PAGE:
FaceTime is a unique video calling feature that as of the iOS 5 still runs on a Wi-Fi connection, and will continue to be mostly used on Wi-Fi because of its incredible use of data. Because of this it can be presented with a problem when you are using a network that is protected by a firewall, which is used primarily to make the system much more secure from viruses, trojans, and outside accessibility. To use it correctly, you will have to alter the network that your mobile device is using so that you can continue to make video calls. Here is a look at how to prepare your firewall for using FaceTime on your iDevice.
For FaceTime to work adequately you have to open up certain ports so that you can actually send back and forth the data used by the app. This is relatively minimal in terms of networking, though FaceTime requires a few more ports than other functions. These ports are:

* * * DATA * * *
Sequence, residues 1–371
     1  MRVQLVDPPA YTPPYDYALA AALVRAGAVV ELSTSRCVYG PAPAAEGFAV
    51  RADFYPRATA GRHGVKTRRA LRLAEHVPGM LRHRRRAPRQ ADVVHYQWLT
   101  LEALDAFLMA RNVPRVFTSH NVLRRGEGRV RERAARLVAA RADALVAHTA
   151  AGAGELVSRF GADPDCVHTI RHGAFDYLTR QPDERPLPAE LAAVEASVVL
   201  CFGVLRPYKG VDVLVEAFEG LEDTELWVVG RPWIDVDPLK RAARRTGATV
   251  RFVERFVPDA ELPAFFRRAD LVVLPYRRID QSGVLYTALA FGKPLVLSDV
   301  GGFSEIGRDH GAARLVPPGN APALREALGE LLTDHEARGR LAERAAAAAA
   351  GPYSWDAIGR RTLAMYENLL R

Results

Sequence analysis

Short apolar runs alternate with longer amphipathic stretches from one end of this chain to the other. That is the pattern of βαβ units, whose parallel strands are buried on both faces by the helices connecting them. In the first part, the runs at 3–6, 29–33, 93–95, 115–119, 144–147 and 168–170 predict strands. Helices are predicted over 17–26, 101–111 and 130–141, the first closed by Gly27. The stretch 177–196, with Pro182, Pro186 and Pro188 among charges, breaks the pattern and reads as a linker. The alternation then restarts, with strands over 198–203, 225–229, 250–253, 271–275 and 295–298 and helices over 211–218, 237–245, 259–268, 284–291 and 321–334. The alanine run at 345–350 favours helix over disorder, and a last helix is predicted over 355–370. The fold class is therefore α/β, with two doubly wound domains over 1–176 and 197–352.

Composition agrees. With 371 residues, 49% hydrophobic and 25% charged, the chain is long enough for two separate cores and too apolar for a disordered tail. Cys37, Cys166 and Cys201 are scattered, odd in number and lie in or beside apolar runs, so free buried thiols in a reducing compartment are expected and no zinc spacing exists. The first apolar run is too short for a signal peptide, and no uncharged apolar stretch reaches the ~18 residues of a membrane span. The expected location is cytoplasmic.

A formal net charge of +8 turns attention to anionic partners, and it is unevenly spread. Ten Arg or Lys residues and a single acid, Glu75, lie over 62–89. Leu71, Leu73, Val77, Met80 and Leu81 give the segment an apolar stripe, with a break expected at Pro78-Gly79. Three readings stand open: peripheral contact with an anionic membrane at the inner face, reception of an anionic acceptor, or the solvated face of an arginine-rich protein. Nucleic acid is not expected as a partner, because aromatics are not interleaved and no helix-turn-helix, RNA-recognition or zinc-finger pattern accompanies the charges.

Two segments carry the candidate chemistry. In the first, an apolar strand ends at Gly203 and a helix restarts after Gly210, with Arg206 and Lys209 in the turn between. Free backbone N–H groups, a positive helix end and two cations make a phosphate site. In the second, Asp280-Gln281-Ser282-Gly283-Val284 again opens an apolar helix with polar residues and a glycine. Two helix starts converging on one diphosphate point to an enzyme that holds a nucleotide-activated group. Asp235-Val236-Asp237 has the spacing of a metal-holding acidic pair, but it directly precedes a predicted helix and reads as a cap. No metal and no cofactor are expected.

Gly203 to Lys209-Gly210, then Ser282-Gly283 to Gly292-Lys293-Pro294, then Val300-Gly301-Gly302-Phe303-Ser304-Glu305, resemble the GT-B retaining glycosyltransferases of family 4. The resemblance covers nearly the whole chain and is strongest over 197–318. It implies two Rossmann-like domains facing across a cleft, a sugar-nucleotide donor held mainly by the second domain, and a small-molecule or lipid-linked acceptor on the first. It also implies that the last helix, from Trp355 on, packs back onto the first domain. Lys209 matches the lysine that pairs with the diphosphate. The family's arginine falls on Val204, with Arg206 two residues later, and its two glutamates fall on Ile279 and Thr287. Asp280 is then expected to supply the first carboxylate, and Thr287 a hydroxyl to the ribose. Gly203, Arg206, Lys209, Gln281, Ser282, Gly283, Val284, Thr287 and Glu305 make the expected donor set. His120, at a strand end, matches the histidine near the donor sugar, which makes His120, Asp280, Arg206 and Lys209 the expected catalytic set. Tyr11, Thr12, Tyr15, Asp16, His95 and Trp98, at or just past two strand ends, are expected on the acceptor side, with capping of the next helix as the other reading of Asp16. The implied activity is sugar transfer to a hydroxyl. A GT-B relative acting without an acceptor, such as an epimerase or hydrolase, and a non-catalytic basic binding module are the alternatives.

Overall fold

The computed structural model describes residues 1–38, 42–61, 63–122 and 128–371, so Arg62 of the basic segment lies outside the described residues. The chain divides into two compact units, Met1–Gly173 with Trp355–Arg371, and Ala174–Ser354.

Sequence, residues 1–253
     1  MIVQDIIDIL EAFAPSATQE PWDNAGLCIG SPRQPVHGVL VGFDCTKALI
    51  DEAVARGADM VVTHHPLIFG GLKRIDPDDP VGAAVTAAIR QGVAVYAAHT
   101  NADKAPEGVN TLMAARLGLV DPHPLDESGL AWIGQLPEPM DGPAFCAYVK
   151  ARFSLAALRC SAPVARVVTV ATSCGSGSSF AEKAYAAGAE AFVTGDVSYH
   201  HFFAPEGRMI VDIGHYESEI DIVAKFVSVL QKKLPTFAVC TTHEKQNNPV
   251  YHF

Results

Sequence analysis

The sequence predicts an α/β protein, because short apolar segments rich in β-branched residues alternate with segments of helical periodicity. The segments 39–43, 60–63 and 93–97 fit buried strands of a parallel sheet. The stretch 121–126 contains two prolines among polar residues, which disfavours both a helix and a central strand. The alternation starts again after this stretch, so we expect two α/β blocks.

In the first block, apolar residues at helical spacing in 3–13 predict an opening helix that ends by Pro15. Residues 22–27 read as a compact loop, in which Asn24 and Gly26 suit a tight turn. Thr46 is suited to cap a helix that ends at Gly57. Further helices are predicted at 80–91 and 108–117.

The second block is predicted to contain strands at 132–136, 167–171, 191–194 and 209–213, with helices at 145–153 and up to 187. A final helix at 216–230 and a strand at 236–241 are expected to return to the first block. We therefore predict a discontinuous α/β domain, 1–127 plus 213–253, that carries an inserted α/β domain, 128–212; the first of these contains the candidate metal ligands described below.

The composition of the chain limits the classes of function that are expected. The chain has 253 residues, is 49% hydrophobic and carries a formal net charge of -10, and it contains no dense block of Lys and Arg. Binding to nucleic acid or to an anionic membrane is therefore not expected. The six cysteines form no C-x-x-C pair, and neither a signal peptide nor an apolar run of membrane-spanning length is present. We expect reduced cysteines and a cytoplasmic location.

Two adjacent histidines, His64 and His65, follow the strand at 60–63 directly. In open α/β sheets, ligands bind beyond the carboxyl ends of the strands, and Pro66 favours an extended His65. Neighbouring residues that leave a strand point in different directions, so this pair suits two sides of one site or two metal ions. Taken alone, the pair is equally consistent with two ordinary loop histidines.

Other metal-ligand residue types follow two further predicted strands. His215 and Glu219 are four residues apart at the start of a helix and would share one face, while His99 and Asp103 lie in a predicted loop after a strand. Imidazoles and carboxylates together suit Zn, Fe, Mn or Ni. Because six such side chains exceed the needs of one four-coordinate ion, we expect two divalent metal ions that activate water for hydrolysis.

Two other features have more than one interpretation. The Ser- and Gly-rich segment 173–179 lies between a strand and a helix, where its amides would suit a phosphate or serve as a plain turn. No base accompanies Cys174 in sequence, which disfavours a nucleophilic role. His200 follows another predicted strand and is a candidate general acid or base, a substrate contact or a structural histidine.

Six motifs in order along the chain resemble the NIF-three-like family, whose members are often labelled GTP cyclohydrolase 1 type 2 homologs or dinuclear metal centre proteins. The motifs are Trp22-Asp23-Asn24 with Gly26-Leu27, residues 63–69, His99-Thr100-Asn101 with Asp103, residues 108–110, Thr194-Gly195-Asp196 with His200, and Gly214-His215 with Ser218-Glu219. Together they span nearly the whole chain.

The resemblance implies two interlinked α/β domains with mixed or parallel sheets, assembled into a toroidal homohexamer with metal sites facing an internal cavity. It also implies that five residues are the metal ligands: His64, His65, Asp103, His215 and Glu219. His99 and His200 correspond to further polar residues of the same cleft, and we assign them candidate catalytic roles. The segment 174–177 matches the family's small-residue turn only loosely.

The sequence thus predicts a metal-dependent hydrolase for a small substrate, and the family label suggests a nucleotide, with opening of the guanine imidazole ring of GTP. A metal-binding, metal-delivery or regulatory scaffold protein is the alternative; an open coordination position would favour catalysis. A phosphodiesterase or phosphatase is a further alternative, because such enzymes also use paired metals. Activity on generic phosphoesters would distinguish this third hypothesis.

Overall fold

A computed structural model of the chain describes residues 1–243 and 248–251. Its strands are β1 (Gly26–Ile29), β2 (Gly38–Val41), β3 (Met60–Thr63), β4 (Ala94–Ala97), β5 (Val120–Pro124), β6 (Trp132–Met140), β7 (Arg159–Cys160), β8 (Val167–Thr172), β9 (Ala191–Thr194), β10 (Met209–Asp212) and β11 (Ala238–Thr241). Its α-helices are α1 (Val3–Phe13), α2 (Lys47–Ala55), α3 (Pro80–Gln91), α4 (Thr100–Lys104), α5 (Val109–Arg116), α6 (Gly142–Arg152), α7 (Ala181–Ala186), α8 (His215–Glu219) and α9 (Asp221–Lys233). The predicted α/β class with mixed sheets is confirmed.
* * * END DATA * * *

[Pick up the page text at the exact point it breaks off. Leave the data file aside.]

- 80 (TCP)
- 443 (TCP)
- Ports 3478 Through 3497 (UDP)
- 5223 (TCP)
- Ports 16384 Through 16387 (UDP)
- Ports 16393 Through 16402 (UDP)
The ports that are done in multiple, which are the many UDP ports, are going to be specific to FaceTime in this situation. The TCP ports 80, 443, and 5223, are also used by iMessage, so when you enable your network for FaceTime you are already going to be enabling it work with iMessage as well.
To have these set you, or the proper network administrator, need to alter the configuration on your router. Since you are running a video based app you may need a few additional ports for the video, but this depends specifically on your NAT configuration and not on the basics needed by FaceTime. You router itself could interfere with FaceTime through Port Mapping, SIP dropping, or dynamic opening of media ports, so you will need to discuss these issues with your network administrator if you are still having issues with FaceTime from behind your firewall.